New York City may seem an unlikely hot spot for solar energy, but think again. Consider the fact that there are 20 million square feet of usable solar farm space on top of the city's 1,100 public school roofs alone -- enough to generate 170,000 megawatts of electricity. So its no wonder that city government and business leaders are taking solar seriously.
Market forces are cooperating. Prices for solar panels are plummeting. But there remain some major impediments to solar adoption. All things considered, it's still more expensive than traditional energy sources.
That's where data analytics comes in. As part of the SMART NY, IBM is working with CUNY Ventures, a for-profit offshoot of the City University of New York, to create a system for gathering and analyzing information about the entire solar ecosystem within the city. The goal is to bring down the cost of installing solar. "We're looking to make solar competitive with other sources. We need to mainstream this technology to make it easy to adopt," says Tria Case, CUNY's director of sustainability and coordinator of SMART NY.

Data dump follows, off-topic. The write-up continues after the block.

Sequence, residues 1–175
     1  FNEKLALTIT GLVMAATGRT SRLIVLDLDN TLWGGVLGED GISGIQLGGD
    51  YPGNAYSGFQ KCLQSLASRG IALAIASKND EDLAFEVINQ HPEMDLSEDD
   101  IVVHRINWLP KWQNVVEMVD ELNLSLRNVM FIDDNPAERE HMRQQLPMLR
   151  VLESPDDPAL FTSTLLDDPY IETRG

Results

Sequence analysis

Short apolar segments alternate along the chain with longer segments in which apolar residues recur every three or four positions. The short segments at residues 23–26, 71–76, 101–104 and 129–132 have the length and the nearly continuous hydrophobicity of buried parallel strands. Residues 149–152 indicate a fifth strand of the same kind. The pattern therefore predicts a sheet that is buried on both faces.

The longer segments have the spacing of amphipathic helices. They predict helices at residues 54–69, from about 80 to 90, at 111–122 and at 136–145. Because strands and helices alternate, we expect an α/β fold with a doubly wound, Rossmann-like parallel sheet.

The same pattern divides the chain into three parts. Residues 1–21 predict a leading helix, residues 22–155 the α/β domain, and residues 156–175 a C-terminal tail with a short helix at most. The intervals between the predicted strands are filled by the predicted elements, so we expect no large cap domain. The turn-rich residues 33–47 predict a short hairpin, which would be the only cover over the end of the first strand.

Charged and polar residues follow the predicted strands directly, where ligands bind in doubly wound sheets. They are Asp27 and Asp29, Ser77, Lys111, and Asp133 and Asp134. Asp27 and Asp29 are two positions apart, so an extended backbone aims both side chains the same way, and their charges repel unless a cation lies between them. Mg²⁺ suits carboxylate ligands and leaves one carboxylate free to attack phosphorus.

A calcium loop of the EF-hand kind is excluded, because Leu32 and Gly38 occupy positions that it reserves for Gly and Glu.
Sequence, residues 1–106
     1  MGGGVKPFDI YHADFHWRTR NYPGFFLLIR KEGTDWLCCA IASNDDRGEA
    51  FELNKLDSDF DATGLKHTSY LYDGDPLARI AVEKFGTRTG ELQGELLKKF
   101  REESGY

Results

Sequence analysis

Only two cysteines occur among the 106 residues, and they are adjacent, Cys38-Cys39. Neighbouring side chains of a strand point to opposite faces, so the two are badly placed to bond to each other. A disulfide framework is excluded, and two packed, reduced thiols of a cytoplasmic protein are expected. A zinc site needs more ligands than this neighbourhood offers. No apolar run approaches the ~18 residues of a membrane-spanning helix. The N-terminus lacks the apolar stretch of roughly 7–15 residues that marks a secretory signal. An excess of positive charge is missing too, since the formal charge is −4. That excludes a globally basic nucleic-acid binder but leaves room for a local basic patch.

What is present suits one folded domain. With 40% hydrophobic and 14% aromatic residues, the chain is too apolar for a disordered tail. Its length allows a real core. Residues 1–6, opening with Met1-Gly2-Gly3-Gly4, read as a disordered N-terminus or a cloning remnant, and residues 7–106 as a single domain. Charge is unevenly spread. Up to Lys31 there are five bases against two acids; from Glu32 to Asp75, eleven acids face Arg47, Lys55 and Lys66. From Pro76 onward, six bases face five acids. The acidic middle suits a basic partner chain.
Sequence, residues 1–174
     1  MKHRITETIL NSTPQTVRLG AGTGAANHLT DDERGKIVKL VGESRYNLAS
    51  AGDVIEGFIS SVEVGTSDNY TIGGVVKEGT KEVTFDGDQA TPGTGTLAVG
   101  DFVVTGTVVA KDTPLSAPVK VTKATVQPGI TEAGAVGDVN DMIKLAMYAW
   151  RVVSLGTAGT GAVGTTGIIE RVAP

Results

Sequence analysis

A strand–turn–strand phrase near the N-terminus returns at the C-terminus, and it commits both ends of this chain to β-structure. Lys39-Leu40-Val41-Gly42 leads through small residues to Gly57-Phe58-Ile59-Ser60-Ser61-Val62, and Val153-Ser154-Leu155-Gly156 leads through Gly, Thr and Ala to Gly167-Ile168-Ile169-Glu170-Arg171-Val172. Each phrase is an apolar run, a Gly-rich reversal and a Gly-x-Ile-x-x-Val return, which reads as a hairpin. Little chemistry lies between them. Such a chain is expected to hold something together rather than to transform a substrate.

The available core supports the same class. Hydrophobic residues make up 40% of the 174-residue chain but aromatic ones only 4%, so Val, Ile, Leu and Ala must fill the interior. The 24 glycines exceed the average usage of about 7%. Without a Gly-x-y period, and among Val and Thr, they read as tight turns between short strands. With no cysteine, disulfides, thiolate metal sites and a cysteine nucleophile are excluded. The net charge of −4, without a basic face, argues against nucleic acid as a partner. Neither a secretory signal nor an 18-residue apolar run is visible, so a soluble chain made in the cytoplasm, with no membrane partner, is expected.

New York became a player in solar energy when it launched its first long-term solar strategy in 2007. Since then, the amount of photovoltaic capacity installed has increased by a factor of 8, to 8.8 megawatts. That's still a relatively small slice of the city's energy supply, but it's a start. Solar advocates believe the city could amass up to 70 megawatts of solar capacity in the next five years.
But for that to happen, the city has to help bring down the so-called "soft" costs. Those include financing, permitting and the incentives qualification process.
To achieve that goal, the city is using IBM's Intelligent Operations Center software to monitor and analyze solar production and capacity and display the data on a dashboard of key indicators. The information will be drawn from the NYC Solar Portal, which is an inter-agency permitting and tracking tool; data collection systems in the city's five solar empowerment zones, and the interactive NYC Solar Map, which businesses and citizens can use to size up their solar production potential and what it would cost to go solar. Case expects to be able to use insights gleaned from the dashboard to help streamline the permitting process and remove other barriers to adoption.
There's an important role for citizens in this project-both as consumers of solar energy and as potential generators of energy not only for their own use but for selling back into the electrical grid. They can also provide feedback via the NYC Solar Map Web site.
The plan is to refine the monitoring and analytics system over the next year and then extend it to all of New York. Ultimately, CUNY Ventures and IBM hope to be able to package the technology and sell it as a service to other municipalities around the United States.
Now, that would be a sustainable approach to sustainability.
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